It is a documentary about the making of a documentary, as much as it is a documentary.

Man with a Movie Camera is about precisely that; a man with a movie camera. He captures the city in motion and we see the actual camera capturing it. The next scene shows a marriage before it cuts back to the camera swirling over the city and the following frame shows another couple signing divorce papers. In another scene, a funeral session is cut to a live birth. Its use of cinematic metaphors is thrilling. It shows us the beginnings and endings of love and life and above it all the viewer sees the actual camera capturing it all.

I am intrigued by documentary filmmaking but for my project, I don´t want to be dependent on others in that sense. I am pretty certain I´m going through with a fiction story. I do like Vertov´s film techniques and I am truly impressed and I seek inspiration from it. A story is so much more than content. It´s about style, technique, how you present it etc. Looking at the different clips I have discussed there is so much I can use in a fictive sense of an adaptation of reality.

 

References: 

Aston, J., & Gaudenzi, S. 2012, Interactive documentary: setting the field, Studies in Documentary Film, 6(2), 125–139. http://doi.org/10.1386/sdf.6.2.125_1

-. (-). man with a movie camera (1929). Available: http://www.imdb.com/title/tt0019760/. Last accessed 11th March.

-. (-). man with a movie camera. Available: http://dziga.perrybard.net/. Last accessed 11th March.

-. (2007). Dziga Vertov (1896-1954). Available: https://web.archive.org/web/20070823193645/http://cours.cegep-st-jerome.qc.ca:80/511-411-p.l/vertov.htm. Last accessed 11th March

 

Confessions of a Serial Binger

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I have always enjoyed watching series. In the recent years, I’ve grown more fond of binging series. It has, in fact, become a great obsession of mine, almost to the point, I have become addicted.

Does binge-watching series make its story world feel more intriguing? I certainly believe it does. I recently powered through the first four seasons of Bates Motel. The series is a contemporary prequel to Hitchcock’s masterpiece Psycho, based on the novel, of the same name, by Robert Bloch. I´ll stay brief, in fear of spoiling anything, but the first four seasons portrays the lives of Norman Bates and his mother Norma, prior to the events depicted in the novel and film, which also leads up to the fifth and final season of the series. It didn’t take many episodes before I was completely obsessed with and lost in the story world- and the minds of the wacky characters.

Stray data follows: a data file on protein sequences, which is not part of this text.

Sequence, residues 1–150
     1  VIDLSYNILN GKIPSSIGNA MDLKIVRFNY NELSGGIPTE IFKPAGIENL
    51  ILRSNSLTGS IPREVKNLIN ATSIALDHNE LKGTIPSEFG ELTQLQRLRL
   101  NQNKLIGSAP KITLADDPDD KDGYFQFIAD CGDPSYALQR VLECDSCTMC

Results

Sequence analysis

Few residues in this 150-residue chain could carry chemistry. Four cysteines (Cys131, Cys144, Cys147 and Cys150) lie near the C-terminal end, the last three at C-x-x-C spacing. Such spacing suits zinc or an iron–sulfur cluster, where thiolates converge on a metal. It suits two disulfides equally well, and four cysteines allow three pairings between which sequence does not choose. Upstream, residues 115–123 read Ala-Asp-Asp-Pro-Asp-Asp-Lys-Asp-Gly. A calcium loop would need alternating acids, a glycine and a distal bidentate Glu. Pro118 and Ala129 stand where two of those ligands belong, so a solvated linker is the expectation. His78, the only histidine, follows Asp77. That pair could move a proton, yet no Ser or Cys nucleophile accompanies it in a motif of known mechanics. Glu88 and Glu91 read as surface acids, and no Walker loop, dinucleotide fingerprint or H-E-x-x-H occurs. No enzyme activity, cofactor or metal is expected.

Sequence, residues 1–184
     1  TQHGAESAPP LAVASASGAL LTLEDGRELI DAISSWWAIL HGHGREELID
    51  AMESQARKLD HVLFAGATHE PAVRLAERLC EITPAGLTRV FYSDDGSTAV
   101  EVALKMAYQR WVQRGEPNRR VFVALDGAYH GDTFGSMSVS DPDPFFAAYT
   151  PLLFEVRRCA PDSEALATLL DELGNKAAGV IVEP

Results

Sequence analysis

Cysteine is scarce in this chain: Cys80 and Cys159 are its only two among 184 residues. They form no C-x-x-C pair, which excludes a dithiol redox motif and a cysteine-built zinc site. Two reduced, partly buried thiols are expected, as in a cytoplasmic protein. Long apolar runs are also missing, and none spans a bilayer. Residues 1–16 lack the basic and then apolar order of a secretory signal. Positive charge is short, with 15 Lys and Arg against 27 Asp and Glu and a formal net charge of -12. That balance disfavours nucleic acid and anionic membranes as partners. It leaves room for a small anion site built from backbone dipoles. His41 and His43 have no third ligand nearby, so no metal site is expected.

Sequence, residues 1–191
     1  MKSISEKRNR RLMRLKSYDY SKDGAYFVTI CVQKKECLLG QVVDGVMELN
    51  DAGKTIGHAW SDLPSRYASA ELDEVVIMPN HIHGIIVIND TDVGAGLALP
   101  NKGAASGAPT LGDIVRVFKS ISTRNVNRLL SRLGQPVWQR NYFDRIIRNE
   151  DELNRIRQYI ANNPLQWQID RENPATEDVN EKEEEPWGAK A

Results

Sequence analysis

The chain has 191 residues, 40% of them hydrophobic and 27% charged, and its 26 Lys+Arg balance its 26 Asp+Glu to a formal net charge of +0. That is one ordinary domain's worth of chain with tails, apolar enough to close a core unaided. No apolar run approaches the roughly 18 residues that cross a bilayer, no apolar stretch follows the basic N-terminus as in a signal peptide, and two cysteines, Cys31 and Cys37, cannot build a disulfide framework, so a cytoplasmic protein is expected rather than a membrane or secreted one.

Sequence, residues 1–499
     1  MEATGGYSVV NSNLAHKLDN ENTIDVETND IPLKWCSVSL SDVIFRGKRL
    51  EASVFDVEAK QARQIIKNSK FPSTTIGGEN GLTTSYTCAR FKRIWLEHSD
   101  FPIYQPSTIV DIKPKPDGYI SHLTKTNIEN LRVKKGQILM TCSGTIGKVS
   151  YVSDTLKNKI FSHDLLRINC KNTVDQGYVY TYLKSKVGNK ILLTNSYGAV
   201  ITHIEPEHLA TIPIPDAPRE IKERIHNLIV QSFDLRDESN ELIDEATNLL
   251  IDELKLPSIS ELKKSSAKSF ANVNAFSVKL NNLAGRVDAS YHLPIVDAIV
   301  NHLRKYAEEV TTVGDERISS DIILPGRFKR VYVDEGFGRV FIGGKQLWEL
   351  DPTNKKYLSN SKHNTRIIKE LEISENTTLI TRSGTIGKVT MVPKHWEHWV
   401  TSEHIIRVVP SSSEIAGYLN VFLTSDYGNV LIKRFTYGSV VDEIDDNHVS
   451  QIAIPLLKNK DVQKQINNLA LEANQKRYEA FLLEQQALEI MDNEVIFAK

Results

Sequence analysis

Even though the series’ lead actors, Vera Farmiga and Freddie Highmore´s performance is astonishing and very convincing it’s not like I reason with the characters, their state of mind and their doing, but constantly watching and getting sucked into their world forms a certain type of bond. While not watching I think of them and wonder how they are holding up. How are my favorite characters of this week doing?  What is going to happen next? Etc.

Having to wait for new episodes to be released wouldn’t intrigue me in the same way- because I simply got no time for that sort of thing. The story of our generation, right? We want it all and we want it now.

And I am absolutely certain I would not have felt the same way if I were to wait a week for each episode. 

How can I be so sure, you might ask?

The very same reason I fell out of love with an old obsession of mine; Sons of Anarchy (SOA).

This might come as a shocker; Bates Motel isn´t the first story world that has had me sucked in and swallowed whole. A couple of years back SOA was my first, my last, my everything. The series, created by Kurt Sutter, runs over 7 seasons. The first 6 which I binged and the 7th and final season I had to wait till every Monday to watch the newest episode.

During my life (first 6 seasons) with SOA, I couldn’t wait to run home from where ever I was to binge another season. I even remember turning down a date because staying home watching SOA with my mate felt more important. Again, without any spoilers; My hopes, my dreams, and my nightmares were affected by the parallel plot lines which intertwined and overlapped throughout the series, focusing on the protagonist Jax Tellers´ (Charlie Hunnam) personal life and his motorcycle club SAMCRO. I felt like SOA was a part of me- and I was part of the SOA world. Looking back, I probably binged too hard.

After finishing the 6th season I couldn´t do anything but wait and my expectations set me up for disappointment. It ended with a bang and when the 7th and final season aired; US time- which meant having to wait a full week for each episode- I was fired up but my obsession shortly burnt out. For each episode, the world of SOA felt more and more distant to me and the buzz was killed. If only I could have binged it…